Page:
Sunroof Leak

Sunroof Leak

> The downside of all this as I was submarining my way back in the torrential
> rain on Saturday, was that my sunroof seems to have a bit of a leak.
> Does anybody have any idea how big a job seal replacement is on a shark?
> Any advice would be appreciated.
> thanks,
> Paul
> 928s2 silver/blk{damp} hide.

Dear Paul:

Before you try to replace the seals, check to see that one or more drain holes are not plugged. Last year I found one plugged and cleaned it out with a bicycle brake cable. I snaked the cable to the obstruction and twisted it through. The twisting action is always in the direction that keeps the cable
strands from fraying. The sunroof has not leaked since.

Merry motoring. Ed

It also works if you use trimmer line from a weed whacker. It won't kink, and you can twist it either direction without worrying about fraying the cable, and it won't scratch the inside of the drain.


Editor's Note:
It has been previously stated on the List that it is wise to snake from the bottom up - pushing any debris back up through the opening in the roof.

I replaced my sunroof seal(s) this summer. There are actually two seals, the front seal which wraps around both sides and a short rear section of seal. The seals slip in easily enough. The only tricky part is removing the sunroof to replace the seal, then putting the sunroof back. When examining the sunroof carefully, you will notice that it really is not a "tight" seal between sunroof and roof. There are channels which take water which passes below the seal and divert it front and back. As Ed says in his post, check these channels first to see that they are free from obstructions. Check the manual for sunroof removal instructions.

Joe Rausa '89S4

I have a leak that comes through the cover of the sunroof motor. Anyone have any experience about this? It leaks only under heavy rain conditions.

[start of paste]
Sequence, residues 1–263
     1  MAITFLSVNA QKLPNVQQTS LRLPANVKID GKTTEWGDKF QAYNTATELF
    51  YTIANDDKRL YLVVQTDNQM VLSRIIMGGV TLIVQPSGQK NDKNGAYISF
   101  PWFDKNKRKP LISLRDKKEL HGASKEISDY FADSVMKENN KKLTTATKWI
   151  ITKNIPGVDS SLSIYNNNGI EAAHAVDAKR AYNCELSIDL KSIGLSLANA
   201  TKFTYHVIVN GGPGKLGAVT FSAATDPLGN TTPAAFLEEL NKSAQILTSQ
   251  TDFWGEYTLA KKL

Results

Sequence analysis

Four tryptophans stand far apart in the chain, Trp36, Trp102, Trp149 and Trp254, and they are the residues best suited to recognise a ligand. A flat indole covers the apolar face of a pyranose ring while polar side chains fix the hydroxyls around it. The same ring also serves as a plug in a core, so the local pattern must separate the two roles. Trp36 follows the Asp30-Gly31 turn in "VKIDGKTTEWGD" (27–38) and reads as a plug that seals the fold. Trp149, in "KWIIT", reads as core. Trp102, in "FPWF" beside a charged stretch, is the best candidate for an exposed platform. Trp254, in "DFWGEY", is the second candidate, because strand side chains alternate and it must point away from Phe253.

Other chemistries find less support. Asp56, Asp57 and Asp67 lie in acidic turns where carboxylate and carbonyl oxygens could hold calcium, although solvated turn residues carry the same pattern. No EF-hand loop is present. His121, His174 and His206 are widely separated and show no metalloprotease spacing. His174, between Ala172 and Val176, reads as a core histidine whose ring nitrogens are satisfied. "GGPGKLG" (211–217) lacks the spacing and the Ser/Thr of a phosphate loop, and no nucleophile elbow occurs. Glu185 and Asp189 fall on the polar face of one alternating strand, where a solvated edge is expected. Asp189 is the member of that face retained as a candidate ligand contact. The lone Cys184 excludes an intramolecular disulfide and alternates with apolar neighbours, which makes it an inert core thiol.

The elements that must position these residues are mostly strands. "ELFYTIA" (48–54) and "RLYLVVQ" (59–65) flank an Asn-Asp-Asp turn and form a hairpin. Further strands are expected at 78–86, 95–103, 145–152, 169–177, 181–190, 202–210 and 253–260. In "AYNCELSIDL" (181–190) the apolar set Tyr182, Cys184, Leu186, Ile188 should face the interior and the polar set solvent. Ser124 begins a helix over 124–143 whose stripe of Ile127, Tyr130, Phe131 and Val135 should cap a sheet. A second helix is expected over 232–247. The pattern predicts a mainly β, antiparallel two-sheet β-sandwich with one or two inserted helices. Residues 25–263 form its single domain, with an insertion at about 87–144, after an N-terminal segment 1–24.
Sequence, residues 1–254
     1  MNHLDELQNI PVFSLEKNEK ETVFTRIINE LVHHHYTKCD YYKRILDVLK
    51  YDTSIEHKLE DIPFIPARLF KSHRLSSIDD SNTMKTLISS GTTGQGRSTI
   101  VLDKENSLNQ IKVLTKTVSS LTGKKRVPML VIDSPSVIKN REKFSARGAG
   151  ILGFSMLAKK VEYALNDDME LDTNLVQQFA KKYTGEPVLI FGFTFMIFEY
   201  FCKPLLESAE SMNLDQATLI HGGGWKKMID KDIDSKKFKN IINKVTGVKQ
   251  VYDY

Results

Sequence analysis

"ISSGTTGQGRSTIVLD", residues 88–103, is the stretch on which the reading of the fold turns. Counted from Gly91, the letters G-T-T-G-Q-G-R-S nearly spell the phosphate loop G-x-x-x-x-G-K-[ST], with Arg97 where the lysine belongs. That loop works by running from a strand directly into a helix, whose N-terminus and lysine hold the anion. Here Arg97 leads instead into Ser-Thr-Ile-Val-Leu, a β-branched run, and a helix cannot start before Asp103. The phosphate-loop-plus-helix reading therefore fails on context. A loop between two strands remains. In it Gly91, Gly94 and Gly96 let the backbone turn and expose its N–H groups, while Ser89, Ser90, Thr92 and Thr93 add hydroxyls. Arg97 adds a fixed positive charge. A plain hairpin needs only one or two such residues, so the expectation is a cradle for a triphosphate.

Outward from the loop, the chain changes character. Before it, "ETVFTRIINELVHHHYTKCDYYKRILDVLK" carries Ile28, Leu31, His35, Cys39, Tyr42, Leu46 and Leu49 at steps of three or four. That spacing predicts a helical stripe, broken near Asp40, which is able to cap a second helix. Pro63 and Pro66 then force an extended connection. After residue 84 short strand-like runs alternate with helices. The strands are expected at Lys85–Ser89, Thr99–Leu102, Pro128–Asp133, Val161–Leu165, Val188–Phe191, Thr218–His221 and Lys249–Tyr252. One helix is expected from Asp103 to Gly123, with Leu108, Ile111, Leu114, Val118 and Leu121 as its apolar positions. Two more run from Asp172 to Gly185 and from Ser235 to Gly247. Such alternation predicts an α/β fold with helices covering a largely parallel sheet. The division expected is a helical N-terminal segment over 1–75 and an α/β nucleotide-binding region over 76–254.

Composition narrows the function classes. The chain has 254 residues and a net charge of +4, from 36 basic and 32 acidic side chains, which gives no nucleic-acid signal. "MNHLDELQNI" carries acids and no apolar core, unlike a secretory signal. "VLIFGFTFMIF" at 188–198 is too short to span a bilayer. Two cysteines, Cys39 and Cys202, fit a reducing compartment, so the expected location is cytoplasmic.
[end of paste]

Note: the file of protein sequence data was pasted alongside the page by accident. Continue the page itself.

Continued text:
John 85S

The drain holes may need to be cleaned out. The two up front are pretty long. I have used cable from a bicycle brake line, but others have used weed wacker line. The rear holes are fairly short and are usually not the problem. Snake the line down the hole and give it a roto-router job. Open the sunroof, then search along the perimeter of the opening. You should be able to fine four holes, one along the right and left edge, and two in the rear, but all near the corners of the opening. The rear holes go straight back and the exit holes can be seen when the rear deck is open. The end locations of the front holes are not readily visible, but are hidden between the joint of two body panels. In any case, doing a roto-router job on each one will eventually clear them.

Caution: Do not use high air pressure, as it may cause the plastic lines to seperate from the nipples that keep them in place. If that happens, then the water will drain directly onto the headliner and then into the

~ Merry motoring ~
Ed Ruiz

On my 86, the front sunroof drain hoses exit behind the black plastic (front) wheel well protectors. On my particular car, the left front hose was pinched by the cruise-control vacuum reservoir. This was probably a factory mistake that was never discovered or corrected. To diagnose, I located each of the drain holes from the top, poured in water (slowly and carefully), and discovered which corner had a problem. After unsuccessfully using a flexible steel rod and compressed air, I located the hose end, freed it from its bondage, and cut off the last couple of inches of permanently disfigured plastic hose. BTW, my symptom was water accumulating at the driver's side footwell.

86.5 Indischrot/black/5spd/sunroof
Chesapeake Region

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